It could only be by faith, at least our leap of faith on that fateful day.
That, and a bushido samurai spirit of being willing to die. In all fairness, in our situation, it was most likely just severe injury. But winning, losing, death (or severe injury) was not the concern. Like the samurai, our honor was at stake.
From top to bottom, the street was around a 45-60 degree decline feeding into a nice cul-de-sac landing zone, about 200 yards in total. What birthed as an idea became reality. Sort of. A father-son bonding project, a work of craftsmanship, a memory in the making. Our soapbox. It would be greased lightning. It would have to be made by hand. We wouldn’t have it any other way. The trips to the hardware store would be many. And so we began; as the typical father-son project goes, we ran out of gas half way through. But the vision was there. It would have advanced steering, vintage breaks, an enclosed frame for safety, and a signature paint job.
What resulted was a frame connected to wheels and a cut up power cord attached to both wheels for steering. No steering wheel, no breaks, just a wooden frame on some wheels, a very steep slope, and a 200 yard journey. We would own this hill. Come what may, victory or immense pain. Father and son, bushido spirit, give us liberty or give us death, we had made too many trips to the hardware store to turn back now. Too many hours in the hot sun to let rationality or science discourage our intent.
It did not take long for us to realize that gravity doesn’t empathize. My father quickly realizing his outer layer of skin on his hand would have to help slow us – and some quick thinking to power cord steer us into the curb. A collision, nasty spill, and men overboard would all ensue. Hands scraped, knees and elbows bloodied, we survived – we embodied the Nietzschean mantra of “what doesn’t kill you makes you stronger”. Honor was ours. My mother was not impressed.
For Aristotle, the idea of scientia as knowledge is a profound one that includes a broad encapsulation of science and philosophy. These are certainly different domains of knowledge, but they also inform each other, and help us make both simple and profound decisions in life. Philosopher Massimo Pigliucci calls this concept “sci-phi” and reminds us its not about their specific scientific or philosophical positions at the time, but the concept of approaching “the big questions in both a philosophical and a scientific manner”. 
Before we took the hill, the faith pumping through our veins was a blind trust, father/son testosterone, and existential plunge into the unknown – bushido without scientia. But after this experience, a new type of faith would have to emerge. This new faith (and my mother) would require trust. Not certainty, as there is rarely certainty with anything in life; especially with our most cherished beliefs, but perhaps something more to rationally ground our bushido.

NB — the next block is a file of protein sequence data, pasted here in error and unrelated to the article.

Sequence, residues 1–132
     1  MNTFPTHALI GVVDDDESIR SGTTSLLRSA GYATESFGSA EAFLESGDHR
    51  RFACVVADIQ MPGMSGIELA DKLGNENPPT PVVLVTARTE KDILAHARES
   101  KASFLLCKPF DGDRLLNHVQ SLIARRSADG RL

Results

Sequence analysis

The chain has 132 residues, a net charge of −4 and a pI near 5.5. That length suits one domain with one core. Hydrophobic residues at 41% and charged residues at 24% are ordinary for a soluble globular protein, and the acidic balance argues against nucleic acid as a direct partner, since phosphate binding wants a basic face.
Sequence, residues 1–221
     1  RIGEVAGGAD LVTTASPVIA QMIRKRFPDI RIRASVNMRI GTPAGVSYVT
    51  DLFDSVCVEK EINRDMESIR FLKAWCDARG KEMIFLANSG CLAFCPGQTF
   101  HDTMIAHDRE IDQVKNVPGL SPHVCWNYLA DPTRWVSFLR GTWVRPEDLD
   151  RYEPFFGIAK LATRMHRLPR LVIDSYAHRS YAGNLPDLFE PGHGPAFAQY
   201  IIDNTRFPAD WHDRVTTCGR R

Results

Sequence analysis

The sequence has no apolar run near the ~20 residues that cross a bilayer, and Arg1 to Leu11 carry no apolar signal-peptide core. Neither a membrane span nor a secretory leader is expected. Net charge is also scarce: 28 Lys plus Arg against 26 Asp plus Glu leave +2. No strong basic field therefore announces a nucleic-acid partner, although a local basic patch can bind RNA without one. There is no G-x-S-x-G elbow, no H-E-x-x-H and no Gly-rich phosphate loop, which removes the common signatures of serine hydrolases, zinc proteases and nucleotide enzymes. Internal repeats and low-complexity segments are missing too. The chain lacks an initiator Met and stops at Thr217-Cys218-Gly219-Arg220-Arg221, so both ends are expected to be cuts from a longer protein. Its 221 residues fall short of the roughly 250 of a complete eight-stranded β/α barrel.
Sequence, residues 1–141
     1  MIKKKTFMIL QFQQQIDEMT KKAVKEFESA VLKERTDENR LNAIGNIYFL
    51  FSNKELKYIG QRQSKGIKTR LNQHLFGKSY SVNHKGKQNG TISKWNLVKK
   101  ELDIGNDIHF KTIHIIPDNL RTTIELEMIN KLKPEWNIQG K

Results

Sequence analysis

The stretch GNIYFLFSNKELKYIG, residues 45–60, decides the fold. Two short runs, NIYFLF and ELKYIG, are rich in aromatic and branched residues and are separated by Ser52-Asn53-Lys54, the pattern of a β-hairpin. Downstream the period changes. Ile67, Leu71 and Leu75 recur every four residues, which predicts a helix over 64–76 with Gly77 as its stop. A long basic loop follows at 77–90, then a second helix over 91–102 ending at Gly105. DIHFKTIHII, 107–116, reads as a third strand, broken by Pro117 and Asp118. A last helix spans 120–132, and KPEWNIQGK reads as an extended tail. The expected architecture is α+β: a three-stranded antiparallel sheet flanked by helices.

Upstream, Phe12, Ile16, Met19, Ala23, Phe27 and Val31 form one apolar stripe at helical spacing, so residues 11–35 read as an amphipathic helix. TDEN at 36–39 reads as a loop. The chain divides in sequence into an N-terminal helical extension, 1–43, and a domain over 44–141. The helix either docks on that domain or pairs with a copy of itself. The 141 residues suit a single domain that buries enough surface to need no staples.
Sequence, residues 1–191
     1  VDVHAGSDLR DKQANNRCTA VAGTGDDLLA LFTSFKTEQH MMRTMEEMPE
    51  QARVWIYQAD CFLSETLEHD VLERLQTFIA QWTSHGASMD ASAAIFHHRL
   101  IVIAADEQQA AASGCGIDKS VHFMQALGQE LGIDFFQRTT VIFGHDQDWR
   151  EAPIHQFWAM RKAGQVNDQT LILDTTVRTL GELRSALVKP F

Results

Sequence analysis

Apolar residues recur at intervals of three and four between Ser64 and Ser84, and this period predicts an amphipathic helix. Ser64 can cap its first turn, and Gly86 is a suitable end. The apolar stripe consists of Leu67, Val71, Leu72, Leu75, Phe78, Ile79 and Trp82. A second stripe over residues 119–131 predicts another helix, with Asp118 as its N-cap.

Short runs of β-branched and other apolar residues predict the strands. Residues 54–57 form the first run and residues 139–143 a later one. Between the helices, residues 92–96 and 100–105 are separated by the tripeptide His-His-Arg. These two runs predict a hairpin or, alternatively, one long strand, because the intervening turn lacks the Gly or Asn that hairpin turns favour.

For whatever cherished belief we have, we come to the uncomfortable realization that for it to be anything beyond blind faith, reality must confront it – challenge it. Trust, after all, is earned. If knowledge is justified true belief, but we can’t know for certain if something is true, we’re left with justified belief. Welcoming a search warrant can be uncomfortable. We don’t exactly jump up and down to put our most cherished beliefs through the ringer. For the truth-seeker, though, there could be no other way.
For many traditional religionists, there is only faith alone. For many traditional scientists, “only scientific propositions are truth-apt”. Both positions are problematic. Scientia requires more. For Aquinas and philosophical theists, reason is the preamble to faith. Like a mature lifelong marriage commitment, there must be a strong rational bedrock; a trust based on experience of the known to warrant faith in the unknown. For the philosophical atheist, she may reason there is no strong rational basis for God, but she also knows “only scientific propositions are truth-apt” is not a scientific statement, but a philosophical one, hence self-refuting.
Scientia requires more – philosophical and scientific inquiry. Bruce Lee brilliantly said “research your own experience; absorb what is useful; reject what is useless; add what is specifically your own.” He created Jeet Kune Do to be a style without a style, an art that that incorporates all arts – using whatever works from all traditions – at the right moment in a specific situation. We now have an MMA octagon as an epistemological crucible where martial arts traditions can be tested against each other.
Whether it be the martial arts, religion, or politics of our youth; will we volunteer our most cherished beliefs up to scientia’s octagon of ideas? The truth seeker need not fear. Where I once was on top of that hill, I’ll never be again. That was Soapbox Faith, bushido without scientia. Reality has now confronted that experience. With scars (and some laughs), I have learned. It didn’t kill me and I am indeed stronger – and reason and science are now part of the journey. A hope remains, a speculation into the unknown, but this one is closer to truth, hopefully with less scars for the next hill I take. For the journeys ahead, faith in anything will require trust, a justified belief, the place where bushido meets scientia. This is the spirit and aim of my blog, writing, and podcast. Soapbox Faith is now Soapbox Redemption.
 Pigliucci, Massimo. 2012. Answers for Aristotle: How Science and Philosophy Can Lead us to a More Meaningful Life. New York: Basic Books, 6.